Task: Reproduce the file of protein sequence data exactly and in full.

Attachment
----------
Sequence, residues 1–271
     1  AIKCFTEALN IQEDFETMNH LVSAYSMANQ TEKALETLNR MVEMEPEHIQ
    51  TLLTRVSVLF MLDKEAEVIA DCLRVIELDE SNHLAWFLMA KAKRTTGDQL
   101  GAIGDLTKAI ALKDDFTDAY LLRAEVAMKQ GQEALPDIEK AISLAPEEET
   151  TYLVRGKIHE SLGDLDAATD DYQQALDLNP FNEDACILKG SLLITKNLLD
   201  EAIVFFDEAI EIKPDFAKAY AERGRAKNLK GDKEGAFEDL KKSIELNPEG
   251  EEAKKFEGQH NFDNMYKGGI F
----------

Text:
Sequence, residues 1–271
     1  AIKCFTEALN IQEDFETMNH LVSAYSMANQ TEKALETLNR MVEMEPEHIQ
    51  TLLTRVSVLF MLDKEAEVIA DCLRVIELDE SNHLAWFLMA KAKRTTGDQL
   101  GAIGDLTKAI ALKDDFTDAY LLRAEVAMKQ GQEALPDIEK AISLAPEEET
   151  TYLVRGKIHE SLGDLDAATD DYQQALDLNP FNEDACILKG SLLITKNLLD
   201  EAIVFFDEAI EIKPDFAKAY AERGRAKNLK GDKEGAFEDL KKSIELNPEG
   251  EEAKKFEGQH NFDNMYKGGI F